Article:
President Donald Trump gave further indication on Saturday that his highly anticipated meeting with North Korean leader Kim Jong Un will, in fact, occur, tweeting that the “time and location” of the summit is in the process of being negotiated.
“Things are going very well,” Trump tweeted, announcing that he’d spoken with South Korean President Moon Jae In and Japanese Prime Minister Shinzo Abe about the planning.
The update came after a historic week on the peninsula, in which Kim — following a year of ramped up nuclear testing — met with Moon and became the first North Korean leader to set foot in South Korea.
The two leaders agreed Friday to formally end the Korean War and begin working toward what Kim called a “permanent peace.”
It was a stunning summit and was hailed by leaders in the United States and beyond as potentially the “first step in the long journey towards peace on the peninsula.”
“There will undoubtedly be many challenges that come with ending 65 years of aggression and mistrust,” Rep. Ted Lieu (D-Calif.) said in a statement Friday. “Diplomacy is not easy — but is it always preferable to war.”
Trump, who has partially credited his hardline stance on North Korea for getting Kim to the negotiating table, confirmed in March that he planned to meet with Kim sometime in the spring, but has suggested as recently as this week that it was possible such a rendezvous may not occur.
“It could be that I walk out quickly, with respect, but it could be. It could be that the meeting doesn’t even take place,” Trump said in a rambling interview with Fox & Friends on Thursday. “Who knows?”
But he also confirmed recently that Mike Pompeo, his new secretary of state, has already met with Kim and the White House this week released a photo of the two.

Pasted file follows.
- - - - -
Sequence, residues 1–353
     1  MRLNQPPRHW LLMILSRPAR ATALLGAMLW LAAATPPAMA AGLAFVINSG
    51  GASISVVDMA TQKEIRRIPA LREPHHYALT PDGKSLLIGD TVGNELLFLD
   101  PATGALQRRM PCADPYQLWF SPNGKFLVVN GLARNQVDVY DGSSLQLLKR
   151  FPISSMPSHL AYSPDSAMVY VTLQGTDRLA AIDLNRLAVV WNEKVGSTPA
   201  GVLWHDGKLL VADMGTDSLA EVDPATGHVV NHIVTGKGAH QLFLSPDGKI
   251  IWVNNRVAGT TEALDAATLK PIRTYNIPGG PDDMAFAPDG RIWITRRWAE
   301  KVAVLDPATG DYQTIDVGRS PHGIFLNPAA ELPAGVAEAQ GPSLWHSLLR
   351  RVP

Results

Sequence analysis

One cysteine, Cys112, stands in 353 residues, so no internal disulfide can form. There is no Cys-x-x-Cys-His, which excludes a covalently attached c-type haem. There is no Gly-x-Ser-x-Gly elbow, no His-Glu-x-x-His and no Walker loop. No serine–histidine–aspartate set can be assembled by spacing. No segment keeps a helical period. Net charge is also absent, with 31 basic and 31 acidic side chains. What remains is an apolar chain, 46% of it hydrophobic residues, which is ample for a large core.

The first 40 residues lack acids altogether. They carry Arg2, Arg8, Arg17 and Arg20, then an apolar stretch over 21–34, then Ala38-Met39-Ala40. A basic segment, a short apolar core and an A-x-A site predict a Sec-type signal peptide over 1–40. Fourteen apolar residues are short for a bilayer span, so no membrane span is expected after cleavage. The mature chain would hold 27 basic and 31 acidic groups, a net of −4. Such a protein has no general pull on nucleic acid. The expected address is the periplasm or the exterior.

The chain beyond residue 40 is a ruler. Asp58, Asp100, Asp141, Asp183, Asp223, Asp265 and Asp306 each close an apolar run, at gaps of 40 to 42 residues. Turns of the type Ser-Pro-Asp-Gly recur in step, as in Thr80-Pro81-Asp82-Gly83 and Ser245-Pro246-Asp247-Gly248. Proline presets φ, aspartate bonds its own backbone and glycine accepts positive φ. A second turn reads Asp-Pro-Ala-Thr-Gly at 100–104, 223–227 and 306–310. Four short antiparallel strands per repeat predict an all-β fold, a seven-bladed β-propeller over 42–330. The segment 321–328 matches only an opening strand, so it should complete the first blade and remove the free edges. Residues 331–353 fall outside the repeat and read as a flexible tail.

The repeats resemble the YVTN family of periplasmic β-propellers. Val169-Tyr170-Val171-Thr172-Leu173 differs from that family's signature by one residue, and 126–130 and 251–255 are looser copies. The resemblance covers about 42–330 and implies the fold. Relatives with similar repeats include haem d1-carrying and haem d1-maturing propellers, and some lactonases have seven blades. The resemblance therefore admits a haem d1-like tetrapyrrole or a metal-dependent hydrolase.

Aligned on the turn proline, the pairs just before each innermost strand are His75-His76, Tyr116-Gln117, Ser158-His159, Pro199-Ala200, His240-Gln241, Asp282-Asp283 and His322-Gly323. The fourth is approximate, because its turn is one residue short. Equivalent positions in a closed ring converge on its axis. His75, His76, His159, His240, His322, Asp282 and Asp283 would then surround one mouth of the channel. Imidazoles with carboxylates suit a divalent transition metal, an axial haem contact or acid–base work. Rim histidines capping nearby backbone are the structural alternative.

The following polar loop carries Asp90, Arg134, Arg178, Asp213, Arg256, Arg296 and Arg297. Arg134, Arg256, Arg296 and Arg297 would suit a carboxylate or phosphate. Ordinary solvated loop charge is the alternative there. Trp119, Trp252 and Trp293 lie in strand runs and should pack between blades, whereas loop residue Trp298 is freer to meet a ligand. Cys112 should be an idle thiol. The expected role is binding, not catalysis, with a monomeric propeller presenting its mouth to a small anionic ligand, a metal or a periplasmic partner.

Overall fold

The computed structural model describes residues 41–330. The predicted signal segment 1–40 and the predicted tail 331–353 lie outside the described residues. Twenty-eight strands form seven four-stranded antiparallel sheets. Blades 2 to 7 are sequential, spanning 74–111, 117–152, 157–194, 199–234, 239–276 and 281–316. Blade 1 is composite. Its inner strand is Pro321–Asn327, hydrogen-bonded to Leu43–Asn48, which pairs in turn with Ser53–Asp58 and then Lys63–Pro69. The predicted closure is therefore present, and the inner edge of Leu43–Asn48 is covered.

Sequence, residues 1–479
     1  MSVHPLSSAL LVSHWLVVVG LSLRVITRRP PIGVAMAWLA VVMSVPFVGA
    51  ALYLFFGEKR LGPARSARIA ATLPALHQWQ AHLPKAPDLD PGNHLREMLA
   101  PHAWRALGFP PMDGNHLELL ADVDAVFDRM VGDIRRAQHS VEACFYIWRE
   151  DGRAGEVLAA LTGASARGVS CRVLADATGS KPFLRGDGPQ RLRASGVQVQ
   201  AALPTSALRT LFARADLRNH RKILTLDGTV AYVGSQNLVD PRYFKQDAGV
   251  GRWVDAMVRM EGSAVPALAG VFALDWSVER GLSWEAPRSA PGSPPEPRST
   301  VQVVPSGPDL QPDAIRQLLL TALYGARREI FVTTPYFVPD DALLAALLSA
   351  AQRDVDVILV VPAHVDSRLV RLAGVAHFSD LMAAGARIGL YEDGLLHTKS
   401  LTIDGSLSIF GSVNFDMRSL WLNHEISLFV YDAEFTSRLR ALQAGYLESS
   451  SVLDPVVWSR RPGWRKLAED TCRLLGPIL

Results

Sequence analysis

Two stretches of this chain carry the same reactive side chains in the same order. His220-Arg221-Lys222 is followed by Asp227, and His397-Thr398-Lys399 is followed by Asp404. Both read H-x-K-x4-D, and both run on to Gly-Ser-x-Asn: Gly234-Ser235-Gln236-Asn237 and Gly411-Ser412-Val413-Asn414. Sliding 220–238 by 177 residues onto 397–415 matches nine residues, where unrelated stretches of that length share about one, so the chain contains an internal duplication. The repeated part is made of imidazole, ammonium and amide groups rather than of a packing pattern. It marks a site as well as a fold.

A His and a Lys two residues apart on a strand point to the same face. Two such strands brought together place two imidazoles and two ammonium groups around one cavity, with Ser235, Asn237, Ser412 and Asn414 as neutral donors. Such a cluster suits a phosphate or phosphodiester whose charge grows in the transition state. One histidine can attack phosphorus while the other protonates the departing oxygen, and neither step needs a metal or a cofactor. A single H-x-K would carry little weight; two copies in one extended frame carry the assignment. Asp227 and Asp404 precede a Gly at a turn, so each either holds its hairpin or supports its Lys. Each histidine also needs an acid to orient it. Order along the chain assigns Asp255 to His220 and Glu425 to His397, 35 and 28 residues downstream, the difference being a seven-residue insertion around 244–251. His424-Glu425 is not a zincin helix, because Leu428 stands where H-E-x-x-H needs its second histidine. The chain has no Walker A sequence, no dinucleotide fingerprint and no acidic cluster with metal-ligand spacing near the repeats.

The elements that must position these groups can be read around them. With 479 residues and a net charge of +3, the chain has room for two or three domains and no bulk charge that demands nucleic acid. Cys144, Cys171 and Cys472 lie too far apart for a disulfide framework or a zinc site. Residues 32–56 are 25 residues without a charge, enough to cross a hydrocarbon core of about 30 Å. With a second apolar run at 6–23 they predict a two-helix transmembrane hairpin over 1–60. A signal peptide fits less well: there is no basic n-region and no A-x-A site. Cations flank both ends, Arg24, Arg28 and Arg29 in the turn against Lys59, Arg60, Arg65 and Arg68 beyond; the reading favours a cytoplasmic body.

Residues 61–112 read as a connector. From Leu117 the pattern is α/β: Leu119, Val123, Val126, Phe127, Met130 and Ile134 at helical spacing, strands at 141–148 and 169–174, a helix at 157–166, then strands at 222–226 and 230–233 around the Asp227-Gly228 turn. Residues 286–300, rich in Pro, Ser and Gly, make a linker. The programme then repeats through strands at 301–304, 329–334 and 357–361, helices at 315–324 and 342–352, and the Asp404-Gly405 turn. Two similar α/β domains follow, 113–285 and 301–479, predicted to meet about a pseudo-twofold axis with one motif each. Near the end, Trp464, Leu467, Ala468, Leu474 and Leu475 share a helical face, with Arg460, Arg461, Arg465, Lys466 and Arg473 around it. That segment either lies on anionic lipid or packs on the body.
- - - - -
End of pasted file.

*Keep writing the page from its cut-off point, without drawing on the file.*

On Saturday, he appeared to indicate that the two sides are getting closer to setting plans for the meeting — echoing comments he made in a joint press conference with German Chancellor Angela Merkel Friday.
“I will be meeting with Kim Jong Un in the coming weeks,” Trump said. “We look forward to that.”
He said that negotiators have narrowed potential locations down to two sites, which CBS News reported to be Mongolia and Singapore.
Such a summit comes with significant risks, and it isn’t clear if the two unpredictable leaders — with a history of trading schoolyard insults and nuclear threats — will be able to come to an agreement. But it could also be a major step toward further de-escalating tensions on the peninsula — and potentially even denuclearizing it.
“We have a very good working relationship,” Trump said of Kim. “Things have changed very radically from a few months ago. You know the name calling and a lot of other things. We get a kick every once in a while out of the fact that I’ll be watching people that failed so badly over the last 25 years explaining to me how to make a deal with North Korea. I get a big, big kick out of that.”